FYI ..Signetics and Zilog/Excel discrete uarts supported 9 bit mode for years and there were ISA serial cards with these parts on them

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We just installed some fancy rack mount PC's to run our chamber tests and the darn things don't have a true 16650 UART in them. Must be some knockoff on the MB that won't do 9-bit at all. I'm about ready to go the same route, making an RS-232 to RS-485 with real 9-bit support. Were you able to power your's off the serial port or did you use an external power source?

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Quote:
Were you able to power your's off the serial port or did you use an external power source?

For field work I never considering powering any adapter , device or whatever off the pc. USB would be ok with an isolated dc convertor. Other people may have a different opinions, but I like things that are built like a "brick sh*t house". I am a true believer in ISOLATION after seeing several disasters in the field. The adapter power was provided by the rs485 network or an external wall wart dc supply. Usually the RS485 daisy chain had 1 or more data pair and 2 power wires (typically 12 to 24 vdc). The adapters rs485 worked from a dc regulator as simple as a lm7805. It also included an isolated dc to dc convertor though for the rs485 to rs232 data path so a pc was always isolated from a rs485 network attached to it in the field. The previous designs used optocouplers for data path isolation but now these new Silabs convertors are working quite well for me and consume a bit less current which makes less demand on the isolated dc to dc convertor.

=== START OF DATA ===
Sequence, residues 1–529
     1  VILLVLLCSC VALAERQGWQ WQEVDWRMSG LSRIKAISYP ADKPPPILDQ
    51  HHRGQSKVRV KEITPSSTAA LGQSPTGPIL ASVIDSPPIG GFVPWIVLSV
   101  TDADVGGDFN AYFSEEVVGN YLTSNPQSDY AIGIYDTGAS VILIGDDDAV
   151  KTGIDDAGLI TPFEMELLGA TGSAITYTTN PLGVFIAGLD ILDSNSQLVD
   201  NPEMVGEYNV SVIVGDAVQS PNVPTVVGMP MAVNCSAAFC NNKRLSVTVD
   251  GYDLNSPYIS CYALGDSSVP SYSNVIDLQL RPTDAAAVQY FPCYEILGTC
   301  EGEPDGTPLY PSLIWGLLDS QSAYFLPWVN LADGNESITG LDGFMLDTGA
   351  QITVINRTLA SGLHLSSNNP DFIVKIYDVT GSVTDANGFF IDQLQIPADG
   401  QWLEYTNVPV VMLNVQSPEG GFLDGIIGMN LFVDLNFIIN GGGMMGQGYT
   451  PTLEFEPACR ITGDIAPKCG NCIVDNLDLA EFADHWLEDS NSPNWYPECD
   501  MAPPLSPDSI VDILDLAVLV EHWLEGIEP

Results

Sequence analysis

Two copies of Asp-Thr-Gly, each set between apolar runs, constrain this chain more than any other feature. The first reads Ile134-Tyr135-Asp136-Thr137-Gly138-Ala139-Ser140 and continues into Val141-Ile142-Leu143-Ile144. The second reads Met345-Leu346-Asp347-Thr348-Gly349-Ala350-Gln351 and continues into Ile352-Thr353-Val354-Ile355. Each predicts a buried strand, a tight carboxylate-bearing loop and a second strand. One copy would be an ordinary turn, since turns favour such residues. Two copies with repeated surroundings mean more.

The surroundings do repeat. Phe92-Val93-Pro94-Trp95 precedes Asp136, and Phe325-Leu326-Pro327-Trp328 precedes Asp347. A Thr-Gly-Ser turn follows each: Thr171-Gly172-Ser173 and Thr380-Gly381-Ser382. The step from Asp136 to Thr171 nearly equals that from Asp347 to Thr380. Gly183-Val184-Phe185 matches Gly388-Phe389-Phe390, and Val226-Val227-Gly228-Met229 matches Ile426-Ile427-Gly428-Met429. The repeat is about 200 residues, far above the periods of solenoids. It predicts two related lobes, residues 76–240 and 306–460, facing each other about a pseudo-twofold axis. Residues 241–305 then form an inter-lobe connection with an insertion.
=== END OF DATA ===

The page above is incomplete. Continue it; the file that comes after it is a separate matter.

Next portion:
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I might rob +12 from the PS2 ports, otherwise it's WallWarts. I like the idea of bringing +24 back from the fixtures but our cables and backplane are already built with a 3-wire connector.

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dksmall, bluegoo

are you still generating the 9th bit on the PC side? If yes, are you using some third party libraries or you have writen own code? Which OS are you using?
If you are talking about UART that supports the 9bit mode, do you mean 9 bits plus parity? I mean 9th bit as parity bit. Parity bit used as an address bit and therefore is no parity information in the frame.

bluegoo, about your adapters. What was the current consuption of your adapter. From my experiences at least 15 mA on 485 side and another 15 mA on 232 side plus 30mA for DC/DC converter. I addition I am using 5/9V or 5/12 unregulated DC/DC converter and so from 15 on 232 side it is on 485 always higher value. So power dissipation would be quite high with input voltage 24V.